In 2009 a project was initiated to make a support structure for the Anne Frank tree, a historical chestnut tree treated as a landmark from the second world war. A previous inspection showed that significant rot was present at the bottom of the tree, leaving it weakened and susceptible to blowing over. A steel structure was designed and built to protect the Anne Frank tree from high wind gusts in the area.
The historic “Anne Frank Tree” falls
There were several defects in the design of the steel structure. First, the top ring was much too low around the tree, located below the rotten area of the tree trunk. At high wind speeds the ring position caused high shear forces at the rotten point of the tree. The lowest ring should have been positioned above this rotten spot to provide maximum support.
Second, the steel support was so stiff that it negated the benefit of the natural flexibility of the tree. The tree’s normal flexibility actually allowed it to absorb most wind gusts. The construction should have been designed to move along with the tree. For example, the tripod could have been made from curved pipes rather than straight ones. This curvature would have made the structure less stiff. In addition, good contact between the rings and the tree is very important. Chocks should have been used to stiffly connect the rings to the tree.
Finally, the footplates that connected the pipes with the tripod were not designed properly. The way they were designed lead to high bending forces on the welds. Welds are only strong under shear stresses; bending stresses are very unfavorable for welds. To connect the ground-based construction with the tripod, no footplates should have been allowed. A much better design would have been to place two strips of metal along the ground-based piles and along the legs of the tripod, then weld the steel plates to the tripod legs. For positioning the tripod above the pipes, two connections could have been made with footplates. The two legs of the tripod that were under compression (due to wind loads) could have been made with footplates. For the leg that is under tension, no footplates but steel strips should have been used instead. This design would have kept the flexibility for positioning, but no welds would have been under bending forces.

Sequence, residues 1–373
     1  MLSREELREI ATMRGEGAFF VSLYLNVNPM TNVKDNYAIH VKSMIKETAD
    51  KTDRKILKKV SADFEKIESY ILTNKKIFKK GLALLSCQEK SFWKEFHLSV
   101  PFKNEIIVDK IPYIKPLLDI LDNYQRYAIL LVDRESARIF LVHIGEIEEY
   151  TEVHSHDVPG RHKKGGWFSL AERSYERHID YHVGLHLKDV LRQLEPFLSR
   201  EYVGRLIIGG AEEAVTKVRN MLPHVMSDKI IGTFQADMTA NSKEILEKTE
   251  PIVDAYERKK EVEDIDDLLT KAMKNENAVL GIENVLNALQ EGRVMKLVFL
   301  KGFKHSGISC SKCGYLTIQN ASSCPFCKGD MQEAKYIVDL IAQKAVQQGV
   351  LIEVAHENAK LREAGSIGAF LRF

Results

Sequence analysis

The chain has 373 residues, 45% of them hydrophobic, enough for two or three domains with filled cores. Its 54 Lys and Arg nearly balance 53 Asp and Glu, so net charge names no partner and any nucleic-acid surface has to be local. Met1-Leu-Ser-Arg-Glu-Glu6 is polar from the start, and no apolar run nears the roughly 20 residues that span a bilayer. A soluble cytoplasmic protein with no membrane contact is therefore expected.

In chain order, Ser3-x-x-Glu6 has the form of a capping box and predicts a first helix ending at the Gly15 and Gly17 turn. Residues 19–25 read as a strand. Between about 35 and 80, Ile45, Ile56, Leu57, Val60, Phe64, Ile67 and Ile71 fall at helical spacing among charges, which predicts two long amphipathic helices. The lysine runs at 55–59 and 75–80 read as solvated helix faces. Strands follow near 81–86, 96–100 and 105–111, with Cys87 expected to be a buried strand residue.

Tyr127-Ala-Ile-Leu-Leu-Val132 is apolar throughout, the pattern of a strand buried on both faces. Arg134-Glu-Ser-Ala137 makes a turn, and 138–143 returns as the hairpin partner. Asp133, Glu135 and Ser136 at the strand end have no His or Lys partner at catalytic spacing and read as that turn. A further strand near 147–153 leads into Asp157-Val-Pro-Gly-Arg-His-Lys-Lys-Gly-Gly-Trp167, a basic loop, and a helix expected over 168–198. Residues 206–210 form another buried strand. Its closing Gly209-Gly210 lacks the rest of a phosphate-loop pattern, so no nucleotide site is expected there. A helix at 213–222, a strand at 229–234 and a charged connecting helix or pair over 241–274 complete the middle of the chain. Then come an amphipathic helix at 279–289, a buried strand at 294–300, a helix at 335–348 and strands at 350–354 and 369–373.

When we look at the failed support structure we can see the cause of the failure.
There was also another potential cause of failure: When the upper ring moved to the right only tension and compression forces occured in the three legs of the tripod. When the lower ring moved horizontally, bending forces also occured in the legs of the tripod. When a steel bar is under tension the elastic movement is low, and a bar under bending forces will generate much higher elastic deformations. So, at the same horizontal force the lower ring would have moved much more horizontally compared to the upper ring. Due to this effect the tree would have deformed more near the ground. The tree was rotten in that area so the high shear force caused it to break.
Engineering errors cascaded
In summary, three design errors were made:
- The lower ring should have been positioned above the rotten area of the tree. Due to its position, the rotten area was vulnerable to high shear forces.
- The lower ring could move horizontally much easier compared to the upper ring. This negated the natural flexibility of the tree. A tree should be able to flex under wind loading. The lower ring should have had its own tripod.
- The welded details were designed wrong, so that the footplates were under bending and not shear stresses. A weld that is under bending or pulling stress is much weaker compared to welds under shear.
After investigation, it was pointed out that the welds were not strong enough. The penetration of the welds were too low because a 220V welder was used. Of course, if strips instead of footplate were used for connecting the tripod’s hammered piles, the forces on the welds would have been much lower. In addition, the welds would have been under shear stresses, rather than bending stresses, so they would have been much more likely to hold. If these changes had been made, the structure may have been able to support the stresses that the Anne Frank Tree suffered, which ultimately caused it to fall.
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